PAWTUCKET â Reyes Contreras was happy to show off his spacious, two-bedroom apartment on the corner of Dexter and Barton Street to local officials and media representatives. Large windows that let in natural light, gleaming wood floors, and a roomy, open kitchen/dining/living room area were just some of the stylish features of the modern unit. âIt's great. I love it,â exuded Contreras, who shares the apartment with his wife and mother-in-law. âIt's clean, new, quiet, and everything is convenient.â
Contreras is just one of several dozen happy tenants who have recently moved into the 33 new rental homes in the 4,000-square-foot, brick and wood frame building at 185 Dexter St. known as Blackstone Valley Gateways. An official ribbon-cutting was held Monday morning for the project, which was spearheaded by Pawtucket Citizens Development Corporation (PCDC) and several partners, including Rhode Island Housing.
âThe development is one of the many great things happening in this community,â said Nancy Whit, PCDC. âBy working closely with numerous local and state partners, we are able to make strategic investments in the health and well-being of Pawtucket's neighborhoods. PCDC is leading efforts to create neighborhood level economic opportunity and improve the quality of life for all residents of Pawtucket and Central Falls.â
In addition to the 33 affordable housing units, commercial space located on the first floor of the building has been leased to the Mental Health Association of Rhode Island and Access Rhode Island. Whit said the addition of these service agencies will also help improve the quality of life for the people of the neighborhood.
Whit said that it took three years for the affordable housing project to come to fruition, and said funding was the result of âa lot of partnerships.â Among the federal programs were tax credits allocated by Rhode Island Housing. Additional funding came from the U.S. Department of Housing and Urban Development's (HUD) HOME Investment Partnership Program, Neighborhood Stabilization Program, Rhode Island Housing Lead Funds and National Equity Fund.
Whit added that there are plans to add another 33 units of affordable housing through three apartment houses on nearby Cherry Street.
The state's investment included assistance from Building Homes Rhode Island, a housing bond approved by voters in 2006, and Neighborhood Opportunities Program, which is now funded by Rhode Island Housing.
A KeepSpace planning grant from Rhode Island Housing was also provided to PCDC.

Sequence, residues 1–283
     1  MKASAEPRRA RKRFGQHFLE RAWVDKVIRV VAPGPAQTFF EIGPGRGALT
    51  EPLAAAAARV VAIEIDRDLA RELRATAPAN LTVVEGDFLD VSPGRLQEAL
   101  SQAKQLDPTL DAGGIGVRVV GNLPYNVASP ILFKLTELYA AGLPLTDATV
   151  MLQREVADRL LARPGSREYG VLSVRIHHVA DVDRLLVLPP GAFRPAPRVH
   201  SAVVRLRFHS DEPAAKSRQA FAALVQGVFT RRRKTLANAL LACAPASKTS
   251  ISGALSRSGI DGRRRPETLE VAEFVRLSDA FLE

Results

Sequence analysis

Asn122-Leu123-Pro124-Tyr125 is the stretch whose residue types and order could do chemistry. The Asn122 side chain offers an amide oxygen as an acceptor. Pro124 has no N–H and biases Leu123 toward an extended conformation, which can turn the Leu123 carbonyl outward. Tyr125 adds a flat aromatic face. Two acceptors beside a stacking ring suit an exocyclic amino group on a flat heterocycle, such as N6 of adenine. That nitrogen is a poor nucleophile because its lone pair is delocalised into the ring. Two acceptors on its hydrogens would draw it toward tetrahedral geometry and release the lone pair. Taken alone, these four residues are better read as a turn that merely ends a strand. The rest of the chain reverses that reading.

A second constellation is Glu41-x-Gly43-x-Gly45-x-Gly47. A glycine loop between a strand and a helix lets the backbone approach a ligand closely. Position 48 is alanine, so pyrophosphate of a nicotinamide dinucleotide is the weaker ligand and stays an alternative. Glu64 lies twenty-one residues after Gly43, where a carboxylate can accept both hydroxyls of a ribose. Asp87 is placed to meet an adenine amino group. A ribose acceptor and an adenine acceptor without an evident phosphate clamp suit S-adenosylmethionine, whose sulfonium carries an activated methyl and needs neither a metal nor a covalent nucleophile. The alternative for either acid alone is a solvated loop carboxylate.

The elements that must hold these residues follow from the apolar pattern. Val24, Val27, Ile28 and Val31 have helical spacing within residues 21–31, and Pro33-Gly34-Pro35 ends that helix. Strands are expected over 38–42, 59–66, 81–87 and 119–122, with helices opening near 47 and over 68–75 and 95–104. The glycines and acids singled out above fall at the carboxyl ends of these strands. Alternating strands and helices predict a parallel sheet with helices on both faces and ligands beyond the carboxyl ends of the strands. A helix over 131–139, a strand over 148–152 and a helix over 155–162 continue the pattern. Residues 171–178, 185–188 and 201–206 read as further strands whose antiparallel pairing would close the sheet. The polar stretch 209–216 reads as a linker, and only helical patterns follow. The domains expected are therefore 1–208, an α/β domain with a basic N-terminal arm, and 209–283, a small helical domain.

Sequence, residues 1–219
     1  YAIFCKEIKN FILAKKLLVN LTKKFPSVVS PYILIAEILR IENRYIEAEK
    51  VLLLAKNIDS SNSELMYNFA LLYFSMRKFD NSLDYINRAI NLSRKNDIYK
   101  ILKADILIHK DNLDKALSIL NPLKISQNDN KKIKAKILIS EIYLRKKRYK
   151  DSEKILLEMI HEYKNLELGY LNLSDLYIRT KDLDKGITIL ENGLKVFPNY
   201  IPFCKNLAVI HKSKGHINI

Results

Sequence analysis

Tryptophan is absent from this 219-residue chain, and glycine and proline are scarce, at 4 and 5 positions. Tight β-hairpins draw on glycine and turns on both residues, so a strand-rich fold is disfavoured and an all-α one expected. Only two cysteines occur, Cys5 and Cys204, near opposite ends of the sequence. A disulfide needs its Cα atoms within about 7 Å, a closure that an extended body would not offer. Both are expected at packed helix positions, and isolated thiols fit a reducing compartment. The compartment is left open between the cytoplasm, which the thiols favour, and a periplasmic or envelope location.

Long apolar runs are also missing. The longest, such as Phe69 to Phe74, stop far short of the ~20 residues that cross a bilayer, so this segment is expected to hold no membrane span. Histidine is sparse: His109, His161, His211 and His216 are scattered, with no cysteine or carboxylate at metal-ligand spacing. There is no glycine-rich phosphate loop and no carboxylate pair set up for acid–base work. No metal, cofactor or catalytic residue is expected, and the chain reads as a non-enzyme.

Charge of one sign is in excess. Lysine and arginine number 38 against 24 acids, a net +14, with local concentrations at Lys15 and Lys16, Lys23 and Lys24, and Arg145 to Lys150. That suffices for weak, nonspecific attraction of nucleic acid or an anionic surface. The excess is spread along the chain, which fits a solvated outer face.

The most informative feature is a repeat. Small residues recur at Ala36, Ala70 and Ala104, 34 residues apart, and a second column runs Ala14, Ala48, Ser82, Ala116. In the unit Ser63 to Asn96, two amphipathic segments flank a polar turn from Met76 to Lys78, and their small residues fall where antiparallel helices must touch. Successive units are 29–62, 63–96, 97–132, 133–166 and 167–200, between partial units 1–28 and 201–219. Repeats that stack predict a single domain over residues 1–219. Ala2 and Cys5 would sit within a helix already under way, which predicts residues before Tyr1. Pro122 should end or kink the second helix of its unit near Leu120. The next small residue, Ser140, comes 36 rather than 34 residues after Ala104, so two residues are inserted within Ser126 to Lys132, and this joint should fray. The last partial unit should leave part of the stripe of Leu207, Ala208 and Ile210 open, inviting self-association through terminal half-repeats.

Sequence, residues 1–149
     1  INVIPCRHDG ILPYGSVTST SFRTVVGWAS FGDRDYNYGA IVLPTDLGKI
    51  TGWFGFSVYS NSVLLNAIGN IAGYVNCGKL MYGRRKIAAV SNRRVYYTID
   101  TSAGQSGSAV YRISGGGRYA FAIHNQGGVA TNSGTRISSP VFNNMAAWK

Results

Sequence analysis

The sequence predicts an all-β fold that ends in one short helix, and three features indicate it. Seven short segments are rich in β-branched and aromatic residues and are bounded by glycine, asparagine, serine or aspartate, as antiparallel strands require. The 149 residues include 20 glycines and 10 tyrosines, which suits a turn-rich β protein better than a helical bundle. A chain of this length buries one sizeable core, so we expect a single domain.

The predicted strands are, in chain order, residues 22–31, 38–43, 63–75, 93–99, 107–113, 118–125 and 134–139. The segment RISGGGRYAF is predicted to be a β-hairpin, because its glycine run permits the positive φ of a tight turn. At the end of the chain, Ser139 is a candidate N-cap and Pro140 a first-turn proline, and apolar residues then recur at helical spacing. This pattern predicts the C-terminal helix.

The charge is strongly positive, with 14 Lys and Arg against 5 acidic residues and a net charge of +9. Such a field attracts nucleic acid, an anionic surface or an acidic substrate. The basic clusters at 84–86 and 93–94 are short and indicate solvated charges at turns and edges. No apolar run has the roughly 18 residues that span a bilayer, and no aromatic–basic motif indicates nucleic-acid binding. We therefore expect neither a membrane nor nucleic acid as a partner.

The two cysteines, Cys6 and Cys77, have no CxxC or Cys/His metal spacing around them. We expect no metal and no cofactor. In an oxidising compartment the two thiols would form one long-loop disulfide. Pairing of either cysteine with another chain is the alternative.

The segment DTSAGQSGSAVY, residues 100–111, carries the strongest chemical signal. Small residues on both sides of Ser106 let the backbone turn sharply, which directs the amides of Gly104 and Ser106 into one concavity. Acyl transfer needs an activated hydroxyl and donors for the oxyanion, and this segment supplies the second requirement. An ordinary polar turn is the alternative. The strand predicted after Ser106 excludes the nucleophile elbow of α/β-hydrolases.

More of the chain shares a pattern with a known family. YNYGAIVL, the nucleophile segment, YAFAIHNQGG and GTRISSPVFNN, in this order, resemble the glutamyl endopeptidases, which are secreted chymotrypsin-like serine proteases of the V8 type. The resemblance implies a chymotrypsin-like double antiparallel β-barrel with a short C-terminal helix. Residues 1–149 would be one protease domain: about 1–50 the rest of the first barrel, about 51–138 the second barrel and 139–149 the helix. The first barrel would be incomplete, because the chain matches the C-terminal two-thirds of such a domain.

Pawtucket/Central Falls has been designated as a KeepSpace Community, where neighbors meet, people work and children play. Whit also noted that the Blackstone Valley Gateways project was the first ribbon-cutting in the community since it has been associated with KeepSpace.
Richard Godfrey Executive Director of Rhode Island Housing, chose the event to announce a Comprehensive Community Design Plan to help guide future growth, revitalization, preservation, community and economic development. The goal of KeepSpace, Godfrey noted, is to establish homes where residents have access to human and social services, commercial activities, retail shops and public transportation.
Pawtucket Mayor Donald Grebien said this project and others like it which are on the horizon are important to the continued improvement of the Barton Street neighborhood, which has changed dramatically in the past few years thanks to a concerted effort to reduce crime, drug activity and prostitution.
The mayor thanked all of the state and federal agencies involved, and said that his administration would be looking âfor a continued partnership as we move other neighborhoods forward.â
Robert Vanderslice, Healthy Environment Team Leader for the Rhode Island Department of Health and a KeepSpace Advisory Committee member, noted that efforts such as Project RENEW, which has taken a comprehensive and non-criminal approach to those involved in prostitution and drugs, has made great strides in improving the neighborhood around the Pawtucket/Central Falls line.
Vanderslice also noted that, thanks to better housing, the number of cases involving children with lead poisoning has dropped from 325 in 1995 to 48 in 2007 and 22 according to recent data. He also said a recent study links a rise in asthma and a spike in obesity to the housing and lifestyles typically found in low income neighborhoods. âPeople are much more likely to make healthy choices in their lives when they live in an environment that supports a healthy lifestyle,â Vanderslice said.
Other speakers included Noah Dorius, Senior Analyst for the Providence Field Office of HUD; Tony Lyons, Vice President and Acquisition Regional Manager, National Equity Fund Inc., and Michael Tondra, Chief/Executive Director, Office of Housing and Community Development, Housing Resources Commission.